Six-month-old Atlas Shaffer is carrying a heavy weight — but the community is surrounding him to help him bear it.

Atlas is being treated for hepatoblastoma, a rare form of liver cancer, at University of Michigan C.S. Mott Children’s Hospital. Friends, working to raise the estimated $35,000 cost for the treatment to save his life, will hold a carnival from noon to 5 p.m. Sunday at the Old Mill Stream Centre at the Hancock County Fairgrounds. They’re also collecting donations through Facebook.

The Fostoria baby’s mother, Lindsay Shaffer, said she was tickling Atlas’ belly when she noticed one side was “soft and squishy” but the other side felt hard. At first, Lindsay and her husband Elliott were told it might be a hernia. But it turned out to be a tumor, which is about 10 centimeters in diameter and extends from the bottom of Atlas’ rib to his hip.

Lindsay said doctors theorize that Atlas was actually born with the tumor. The biopsy showed for the most part it was just one mass, but there were some other small clusters of cells that were considered “really aggressive,” indicating a high risk of cancer spreading to other parts of the body. The goal is for chemotherapy to knock out those cells and shrink the mass itself, as surgery can’t immediately be performed because the tumor is close to an artery.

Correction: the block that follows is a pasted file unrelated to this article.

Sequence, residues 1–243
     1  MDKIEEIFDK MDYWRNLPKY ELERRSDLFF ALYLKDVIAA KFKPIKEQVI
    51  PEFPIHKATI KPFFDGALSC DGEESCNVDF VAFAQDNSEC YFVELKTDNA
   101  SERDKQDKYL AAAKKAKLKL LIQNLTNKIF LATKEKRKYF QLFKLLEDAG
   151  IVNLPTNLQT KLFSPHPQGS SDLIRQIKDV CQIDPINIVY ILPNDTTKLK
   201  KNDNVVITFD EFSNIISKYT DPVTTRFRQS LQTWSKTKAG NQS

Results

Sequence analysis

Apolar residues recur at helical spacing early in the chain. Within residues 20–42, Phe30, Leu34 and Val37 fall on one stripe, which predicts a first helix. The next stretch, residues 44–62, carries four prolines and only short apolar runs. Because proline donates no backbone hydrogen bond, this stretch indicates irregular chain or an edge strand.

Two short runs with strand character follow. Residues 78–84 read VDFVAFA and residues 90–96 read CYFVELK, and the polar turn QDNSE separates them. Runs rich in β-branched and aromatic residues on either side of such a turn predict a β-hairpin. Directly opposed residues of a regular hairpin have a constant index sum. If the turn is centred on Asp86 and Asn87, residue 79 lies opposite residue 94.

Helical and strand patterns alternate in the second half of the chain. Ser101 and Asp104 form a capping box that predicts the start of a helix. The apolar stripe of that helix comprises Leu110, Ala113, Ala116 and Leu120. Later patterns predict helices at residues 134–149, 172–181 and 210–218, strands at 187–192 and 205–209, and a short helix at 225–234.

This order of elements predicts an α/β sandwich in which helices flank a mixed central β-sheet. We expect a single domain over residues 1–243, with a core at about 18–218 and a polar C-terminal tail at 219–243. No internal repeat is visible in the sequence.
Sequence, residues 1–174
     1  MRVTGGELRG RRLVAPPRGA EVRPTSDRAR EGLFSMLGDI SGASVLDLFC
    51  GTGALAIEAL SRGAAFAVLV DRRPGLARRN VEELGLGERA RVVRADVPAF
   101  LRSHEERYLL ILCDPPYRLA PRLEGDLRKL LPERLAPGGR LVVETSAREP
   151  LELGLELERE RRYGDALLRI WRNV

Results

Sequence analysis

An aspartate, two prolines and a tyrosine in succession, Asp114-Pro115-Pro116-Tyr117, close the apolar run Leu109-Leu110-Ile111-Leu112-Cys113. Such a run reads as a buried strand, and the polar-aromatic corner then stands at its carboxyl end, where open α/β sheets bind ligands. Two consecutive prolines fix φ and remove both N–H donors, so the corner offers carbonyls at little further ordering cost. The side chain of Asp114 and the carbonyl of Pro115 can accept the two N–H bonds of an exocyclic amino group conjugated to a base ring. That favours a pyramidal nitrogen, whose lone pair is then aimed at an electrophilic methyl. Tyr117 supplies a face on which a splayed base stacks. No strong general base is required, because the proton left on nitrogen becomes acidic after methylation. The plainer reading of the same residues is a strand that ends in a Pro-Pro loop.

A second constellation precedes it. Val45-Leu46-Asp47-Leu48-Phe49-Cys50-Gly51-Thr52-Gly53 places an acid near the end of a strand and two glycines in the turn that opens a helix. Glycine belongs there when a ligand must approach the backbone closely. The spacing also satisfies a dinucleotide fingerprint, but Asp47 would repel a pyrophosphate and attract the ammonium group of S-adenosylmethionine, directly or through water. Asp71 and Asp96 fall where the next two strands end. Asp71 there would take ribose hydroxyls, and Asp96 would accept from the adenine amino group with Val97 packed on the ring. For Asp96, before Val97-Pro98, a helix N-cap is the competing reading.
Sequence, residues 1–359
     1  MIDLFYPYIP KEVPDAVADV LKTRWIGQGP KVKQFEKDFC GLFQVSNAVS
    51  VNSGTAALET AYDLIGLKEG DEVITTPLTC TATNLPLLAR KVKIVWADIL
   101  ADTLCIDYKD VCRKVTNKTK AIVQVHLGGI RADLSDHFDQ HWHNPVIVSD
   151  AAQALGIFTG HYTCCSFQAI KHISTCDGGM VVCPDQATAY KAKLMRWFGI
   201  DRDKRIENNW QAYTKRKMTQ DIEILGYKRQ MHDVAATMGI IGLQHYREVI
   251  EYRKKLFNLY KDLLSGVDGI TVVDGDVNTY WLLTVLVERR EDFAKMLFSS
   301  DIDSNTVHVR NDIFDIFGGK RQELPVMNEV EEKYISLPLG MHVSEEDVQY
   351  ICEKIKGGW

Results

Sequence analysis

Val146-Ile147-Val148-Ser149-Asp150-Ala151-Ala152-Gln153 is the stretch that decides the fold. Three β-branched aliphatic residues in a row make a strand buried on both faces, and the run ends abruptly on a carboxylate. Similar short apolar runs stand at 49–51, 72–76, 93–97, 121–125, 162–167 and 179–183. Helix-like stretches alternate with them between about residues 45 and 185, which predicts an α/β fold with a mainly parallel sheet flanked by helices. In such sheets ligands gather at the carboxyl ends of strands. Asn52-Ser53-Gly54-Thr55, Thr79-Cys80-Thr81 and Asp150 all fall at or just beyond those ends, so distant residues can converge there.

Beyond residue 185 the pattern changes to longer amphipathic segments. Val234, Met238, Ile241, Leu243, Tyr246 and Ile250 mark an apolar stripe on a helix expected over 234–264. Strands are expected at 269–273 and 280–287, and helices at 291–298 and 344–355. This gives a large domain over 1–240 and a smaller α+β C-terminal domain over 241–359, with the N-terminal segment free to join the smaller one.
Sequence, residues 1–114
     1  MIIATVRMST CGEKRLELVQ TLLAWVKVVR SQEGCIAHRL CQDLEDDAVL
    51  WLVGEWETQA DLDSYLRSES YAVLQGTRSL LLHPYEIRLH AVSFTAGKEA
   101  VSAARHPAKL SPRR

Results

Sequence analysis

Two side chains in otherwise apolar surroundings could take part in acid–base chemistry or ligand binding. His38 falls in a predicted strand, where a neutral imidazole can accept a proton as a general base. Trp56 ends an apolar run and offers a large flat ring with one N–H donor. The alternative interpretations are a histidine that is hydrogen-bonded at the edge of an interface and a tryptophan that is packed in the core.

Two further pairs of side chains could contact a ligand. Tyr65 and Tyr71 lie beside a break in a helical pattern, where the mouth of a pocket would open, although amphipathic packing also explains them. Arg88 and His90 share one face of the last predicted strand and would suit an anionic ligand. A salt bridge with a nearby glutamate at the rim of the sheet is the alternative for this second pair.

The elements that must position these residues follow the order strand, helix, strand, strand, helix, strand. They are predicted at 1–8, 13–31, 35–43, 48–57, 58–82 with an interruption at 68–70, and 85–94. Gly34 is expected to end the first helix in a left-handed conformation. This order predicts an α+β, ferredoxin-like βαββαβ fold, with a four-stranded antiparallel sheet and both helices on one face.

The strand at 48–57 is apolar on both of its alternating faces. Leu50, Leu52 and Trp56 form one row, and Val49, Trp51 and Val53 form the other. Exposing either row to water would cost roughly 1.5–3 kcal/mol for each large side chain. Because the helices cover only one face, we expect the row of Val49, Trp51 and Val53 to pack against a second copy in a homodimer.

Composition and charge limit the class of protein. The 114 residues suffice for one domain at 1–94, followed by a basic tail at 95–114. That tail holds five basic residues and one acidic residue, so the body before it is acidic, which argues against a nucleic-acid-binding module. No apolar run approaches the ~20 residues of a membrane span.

If after several rounds of chemotherapy the tumor hasn’t shrunk enough, Atlas may need a liver transplant.

Lindsay, a copy editor for the Review Times, plans to start nursing school this fall. She said she’s learning in caring for her son, “my first patient.”

Family friends Tony Kuhlman and Colleen Miller are organizing Sunday’s carnival, which will include games, a silent auction, a 50/50 drawing, hot dog lunches and a photo booth. They will accept silent auction items through Friday. To donate, email or Kuhlman at

If any funds remain once Atlas is cared for, the family plans to put the money toward helping others.

Lindsay said Atlas “still likes to play” and smile and laugh. Big sister Wren, 2, is coping OK but spending more time with her grandparents. Young children “don’t really know that ‘cancer’ is a scary word,” Lindsay said.

She said people have gone “above and beyond” in helping the family. Friends have sent meals and neighbors have helped.

“We couldn’t ask for better support,” she said.


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